Based on a true story, The Great Mint Swindle is an amazing dramatisation of the events surrounding the Mickelberg brothers as they are accused and jailed for ripping off the West Australian Mint. The nugget prank was meant to be just that, though it seems it set them up to be framed for the swindle and at the mercy of the WA Police’s Gold Squad – out for justice (or covering their own tracks?).
The Mickelbergs – Ray (Grant Bowler), Brian (Josh Quong Tart) & Peter (Todd Lasance) – are thrown in jail on the flimsiest of evidence, seemingly manufactured by Detective Donald Hancock (Shane Bourne) – “The Silver Fox”. Some say he was a fearless champion of justice, others a sinister rogue cop. His loyal number two was Detective Tony “Lewi” Lewandowski (John Batchelor), an easily lead thug who, in the end, is left holding the scales of justice.
The performances by all 5 male leads are strong and nuanced. As the story develops Lasance’s Peter acts as narrator of what is essentially his coming of age inside prison, and offers a fine performance on-screen, along with Quong Tart & Bowler who both show an intensity and courage to bring their characters to life. Bourne puts in a star turn as Hancock, a copper so bent he couldn’t lie straight in bed. Batchelor again brings subtlety and life to Lewandowski beyond what the character likely deserved.The story of Western Australia’s most high-profile unsolved crime – where did the gold go? – is full of challenging imagery and powerful performances. As the years develop so do the soundtrack and fashions, though it offers some joy in both counts as the show starts in the early 1980’s. Nice lapels. Production house Cordell Jigsaw (now merged with Zapruder’s Other Films) present a mysterious tale of greed, rat cunning and the temptation of gold. It’s about the selling of souls, police corruption, the desperate need for redemption and the pursuit of justice.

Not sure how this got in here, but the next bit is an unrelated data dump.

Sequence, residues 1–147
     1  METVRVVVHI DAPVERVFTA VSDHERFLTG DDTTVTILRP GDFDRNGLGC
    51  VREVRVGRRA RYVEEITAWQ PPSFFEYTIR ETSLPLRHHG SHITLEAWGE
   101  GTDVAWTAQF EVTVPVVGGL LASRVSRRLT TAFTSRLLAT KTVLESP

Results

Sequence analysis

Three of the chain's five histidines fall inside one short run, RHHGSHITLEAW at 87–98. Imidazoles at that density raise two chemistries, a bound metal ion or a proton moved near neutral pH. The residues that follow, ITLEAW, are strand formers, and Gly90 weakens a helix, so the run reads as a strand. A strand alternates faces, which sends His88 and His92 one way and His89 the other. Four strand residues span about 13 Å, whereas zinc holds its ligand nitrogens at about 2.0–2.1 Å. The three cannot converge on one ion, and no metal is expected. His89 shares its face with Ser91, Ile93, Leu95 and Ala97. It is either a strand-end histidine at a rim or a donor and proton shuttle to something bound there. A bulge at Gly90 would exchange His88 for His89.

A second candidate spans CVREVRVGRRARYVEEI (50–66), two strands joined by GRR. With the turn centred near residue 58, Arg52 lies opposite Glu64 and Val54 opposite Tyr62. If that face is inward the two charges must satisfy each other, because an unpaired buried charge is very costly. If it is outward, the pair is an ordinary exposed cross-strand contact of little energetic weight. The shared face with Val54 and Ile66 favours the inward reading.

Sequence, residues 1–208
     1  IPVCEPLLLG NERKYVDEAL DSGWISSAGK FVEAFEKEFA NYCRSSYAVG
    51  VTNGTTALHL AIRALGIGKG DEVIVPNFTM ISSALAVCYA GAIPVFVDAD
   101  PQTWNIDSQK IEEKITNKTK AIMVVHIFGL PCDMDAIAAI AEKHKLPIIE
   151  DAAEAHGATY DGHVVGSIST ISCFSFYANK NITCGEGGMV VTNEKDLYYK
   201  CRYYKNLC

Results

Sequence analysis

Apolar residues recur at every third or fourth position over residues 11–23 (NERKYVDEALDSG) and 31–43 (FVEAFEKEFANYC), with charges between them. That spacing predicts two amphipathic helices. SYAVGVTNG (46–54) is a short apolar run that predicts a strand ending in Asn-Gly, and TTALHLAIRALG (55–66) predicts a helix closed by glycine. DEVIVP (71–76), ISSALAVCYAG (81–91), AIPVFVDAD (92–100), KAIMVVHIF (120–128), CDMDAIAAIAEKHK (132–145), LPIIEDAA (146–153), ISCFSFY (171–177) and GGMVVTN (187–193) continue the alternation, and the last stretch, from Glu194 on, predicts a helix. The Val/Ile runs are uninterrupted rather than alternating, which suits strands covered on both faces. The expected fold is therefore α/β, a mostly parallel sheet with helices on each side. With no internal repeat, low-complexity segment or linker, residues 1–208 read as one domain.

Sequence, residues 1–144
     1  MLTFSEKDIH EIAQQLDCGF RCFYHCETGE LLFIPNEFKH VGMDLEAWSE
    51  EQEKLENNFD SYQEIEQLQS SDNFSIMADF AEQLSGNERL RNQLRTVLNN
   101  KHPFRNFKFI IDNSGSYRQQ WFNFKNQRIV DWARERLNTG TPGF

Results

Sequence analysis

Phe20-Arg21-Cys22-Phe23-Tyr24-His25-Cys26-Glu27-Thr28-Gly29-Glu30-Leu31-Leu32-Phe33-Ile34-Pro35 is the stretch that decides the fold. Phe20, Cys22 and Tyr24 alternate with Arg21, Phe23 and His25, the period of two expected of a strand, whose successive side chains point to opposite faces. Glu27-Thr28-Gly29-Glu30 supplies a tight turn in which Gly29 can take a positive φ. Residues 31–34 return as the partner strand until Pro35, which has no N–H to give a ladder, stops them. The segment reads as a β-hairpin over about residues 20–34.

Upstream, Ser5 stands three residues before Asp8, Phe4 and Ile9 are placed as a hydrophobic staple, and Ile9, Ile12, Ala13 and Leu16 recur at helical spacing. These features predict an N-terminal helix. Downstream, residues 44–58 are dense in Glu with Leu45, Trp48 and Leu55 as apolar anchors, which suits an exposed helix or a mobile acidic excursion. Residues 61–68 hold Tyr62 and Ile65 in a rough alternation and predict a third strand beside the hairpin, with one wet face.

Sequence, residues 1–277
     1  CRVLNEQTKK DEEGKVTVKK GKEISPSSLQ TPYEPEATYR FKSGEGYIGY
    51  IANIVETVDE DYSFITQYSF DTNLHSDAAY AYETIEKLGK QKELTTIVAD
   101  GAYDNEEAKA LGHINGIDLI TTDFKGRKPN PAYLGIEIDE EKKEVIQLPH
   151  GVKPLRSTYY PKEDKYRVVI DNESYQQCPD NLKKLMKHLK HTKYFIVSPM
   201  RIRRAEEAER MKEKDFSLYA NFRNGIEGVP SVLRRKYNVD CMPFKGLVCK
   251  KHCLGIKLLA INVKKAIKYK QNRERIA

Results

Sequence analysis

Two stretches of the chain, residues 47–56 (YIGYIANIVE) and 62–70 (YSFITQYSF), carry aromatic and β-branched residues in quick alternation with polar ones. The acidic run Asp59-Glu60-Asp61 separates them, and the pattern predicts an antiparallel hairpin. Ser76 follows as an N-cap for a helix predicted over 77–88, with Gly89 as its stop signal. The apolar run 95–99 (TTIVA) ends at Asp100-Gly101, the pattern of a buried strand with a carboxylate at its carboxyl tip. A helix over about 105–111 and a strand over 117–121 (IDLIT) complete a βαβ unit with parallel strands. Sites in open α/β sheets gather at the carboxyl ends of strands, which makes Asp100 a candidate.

As the show ends, the real Ray & Peter Mickelberg offer their candid thoughts on their story. You’d expect two men full of hate and pain at their treatment by the justice system. What you see instead is two brothers, eternally bonded, focused on righting the wrongs that so clearly affected their lives. During these grabs, Peter Mickelberg offers an insight into the strength of his character: “Never give in. No matter what.”
The Great Mint Swindle is another spectacular example of the kind of quality Australian drama that can be delivered when given to people with a great story and a decent budget with which to tell it. More of this, please.
The Great Mint Swindle – Sun 8:30pm, Ch9.